“These are very cash-flow oriented executives,” Artz said. “They are very interested in putting dollars into equipment, production and promotion. But they are not going to put in dollars and effort from their other properties into Chicago ? we’re going to have to generate the cash flow.”
Sun-Times management is proposing a three-year contract that would increase wages about 1%, but cut the current 10% night differential payment.
In addition, the company is proposing a series of changes in newsroom management ? in discipline, grievances, story assignments and conflict of interest issues ? it says it needs to operate more efficiently.
“This company has said from the beginning that this is a new age, a new day, a new beginning,” Artz said. “Things will be different.”
But Sun-Times Guild spokesman Dan Lehmann says it is just the same old song to a union that has worked under four owners in the last 10 years.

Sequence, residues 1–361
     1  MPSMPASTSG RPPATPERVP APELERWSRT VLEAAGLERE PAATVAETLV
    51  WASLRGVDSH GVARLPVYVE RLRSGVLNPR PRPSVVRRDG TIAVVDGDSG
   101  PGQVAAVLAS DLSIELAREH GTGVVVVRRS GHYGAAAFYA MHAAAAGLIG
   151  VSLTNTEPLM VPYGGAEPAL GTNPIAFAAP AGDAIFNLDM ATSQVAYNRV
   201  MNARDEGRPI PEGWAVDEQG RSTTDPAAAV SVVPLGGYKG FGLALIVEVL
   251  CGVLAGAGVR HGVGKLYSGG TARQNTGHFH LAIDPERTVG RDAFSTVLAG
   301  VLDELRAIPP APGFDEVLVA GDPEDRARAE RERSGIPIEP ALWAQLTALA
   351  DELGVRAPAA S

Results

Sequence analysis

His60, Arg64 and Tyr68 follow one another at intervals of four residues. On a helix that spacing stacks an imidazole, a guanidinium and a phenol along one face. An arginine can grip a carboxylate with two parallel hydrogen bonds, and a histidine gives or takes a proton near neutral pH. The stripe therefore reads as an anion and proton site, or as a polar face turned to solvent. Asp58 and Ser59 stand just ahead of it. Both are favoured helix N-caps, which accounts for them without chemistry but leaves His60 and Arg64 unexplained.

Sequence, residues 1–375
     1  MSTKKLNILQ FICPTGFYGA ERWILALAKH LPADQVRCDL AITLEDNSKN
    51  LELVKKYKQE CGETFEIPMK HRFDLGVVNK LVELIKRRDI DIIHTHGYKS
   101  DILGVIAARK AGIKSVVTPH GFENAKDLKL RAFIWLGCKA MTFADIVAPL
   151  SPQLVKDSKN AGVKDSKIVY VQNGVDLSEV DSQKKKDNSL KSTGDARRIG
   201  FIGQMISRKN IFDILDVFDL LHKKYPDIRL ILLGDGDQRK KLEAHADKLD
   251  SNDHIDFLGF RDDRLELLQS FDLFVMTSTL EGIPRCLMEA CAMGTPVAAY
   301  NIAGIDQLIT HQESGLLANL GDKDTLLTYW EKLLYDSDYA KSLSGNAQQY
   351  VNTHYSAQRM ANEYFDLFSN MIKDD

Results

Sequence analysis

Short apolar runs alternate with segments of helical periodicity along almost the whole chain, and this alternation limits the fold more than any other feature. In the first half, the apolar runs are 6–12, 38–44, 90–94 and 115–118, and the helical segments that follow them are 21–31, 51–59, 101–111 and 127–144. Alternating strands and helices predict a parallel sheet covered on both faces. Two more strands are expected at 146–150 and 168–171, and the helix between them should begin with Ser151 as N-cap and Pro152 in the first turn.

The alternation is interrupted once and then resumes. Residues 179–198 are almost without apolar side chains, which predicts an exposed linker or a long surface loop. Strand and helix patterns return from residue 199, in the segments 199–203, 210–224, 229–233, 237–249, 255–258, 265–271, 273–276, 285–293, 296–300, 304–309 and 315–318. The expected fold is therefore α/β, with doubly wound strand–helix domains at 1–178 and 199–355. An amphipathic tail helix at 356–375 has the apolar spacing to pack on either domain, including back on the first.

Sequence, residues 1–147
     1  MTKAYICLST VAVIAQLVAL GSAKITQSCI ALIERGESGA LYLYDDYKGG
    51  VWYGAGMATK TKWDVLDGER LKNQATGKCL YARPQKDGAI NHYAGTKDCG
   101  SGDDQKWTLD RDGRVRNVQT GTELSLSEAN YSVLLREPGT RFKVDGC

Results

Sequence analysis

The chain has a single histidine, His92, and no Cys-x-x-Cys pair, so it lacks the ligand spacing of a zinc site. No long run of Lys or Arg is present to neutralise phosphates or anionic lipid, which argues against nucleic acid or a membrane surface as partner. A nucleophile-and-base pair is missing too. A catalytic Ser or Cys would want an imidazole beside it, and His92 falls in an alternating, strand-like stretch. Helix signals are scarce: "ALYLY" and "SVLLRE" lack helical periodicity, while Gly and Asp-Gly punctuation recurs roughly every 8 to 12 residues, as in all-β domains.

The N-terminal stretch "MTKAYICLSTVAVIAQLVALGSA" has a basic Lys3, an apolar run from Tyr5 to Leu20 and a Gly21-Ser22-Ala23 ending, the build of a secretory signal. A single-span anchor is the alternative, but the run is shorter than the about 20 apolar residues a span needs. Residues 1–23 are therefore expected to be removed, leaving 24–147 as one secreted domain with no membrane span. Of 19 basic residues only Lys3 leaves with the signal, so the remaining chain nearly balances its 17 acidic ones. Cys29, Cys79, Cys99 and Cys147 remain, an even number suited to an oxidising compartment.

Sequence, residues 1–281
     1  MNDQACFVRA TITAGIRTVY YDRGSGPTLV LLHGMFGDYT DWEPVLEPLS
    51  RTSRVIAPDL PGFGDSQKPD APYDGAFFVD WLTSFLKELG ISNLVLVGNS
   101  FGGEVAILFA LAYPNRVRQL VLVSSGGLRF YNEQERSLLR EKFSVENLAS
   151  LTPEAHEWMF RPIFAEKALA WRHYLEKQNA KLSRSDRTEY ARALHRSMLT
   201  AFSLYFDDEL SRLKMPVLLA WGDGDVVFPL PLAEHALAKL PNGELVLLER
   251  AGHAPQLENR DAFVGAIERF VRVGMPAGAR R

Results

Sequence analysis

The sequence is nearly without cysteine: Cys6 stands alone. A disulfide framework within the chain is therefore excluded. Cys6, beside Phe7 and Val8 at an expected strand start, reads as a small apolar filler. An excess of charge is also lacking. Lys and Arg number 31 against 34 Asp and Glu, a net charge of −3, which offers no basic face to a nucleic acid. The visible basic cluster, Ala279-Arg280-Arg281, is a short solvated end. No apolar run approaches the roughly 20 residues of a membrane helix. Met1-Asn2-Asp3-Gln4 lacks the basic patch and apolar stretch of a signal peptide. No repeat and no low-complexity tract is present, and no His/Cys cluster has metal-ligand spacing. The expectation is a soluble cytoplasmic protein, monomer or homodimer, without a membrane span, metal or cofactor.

“We’ve heard that from everybody, from the Fields [Sun-Times founding family], [Rupert] Murdoch, [investor group] Adler & Shaykin and now these guys,” Lehmann said.
“We have what is, in the industry, a ‘good’ contract,” he added. “But it didn’t come out of thin air. The company has a contract with the Newspaper Guild that has evolved over 50 years . . . and we intend to see that it is continued.”
Lehmann said the company’s night differential proposal would mean a 9% pay cut for the many newsroom staffers whose shifts extend into the evening hours.
The Guild’s own opening wage proposal is an aggressive one: 10.5% increase in a one-year contract.
Lehmann says the increase is necessary because newsroom salaries have fallen behind as a result of inflation and the Guild’s acceptance of one-year wage freezes in the past two three-year contracts.
Not surprisingly, management says the proposal is a non-starter.
“Obviously, that’s not even in the parking lot, let alone the ball park,” Artz said. “Nobody’s giving that type of money any more.”
But for the Guild, the management control is becoming an emotional issue. Reporter complaints about editors are increasing ? and making members more militant, the union says.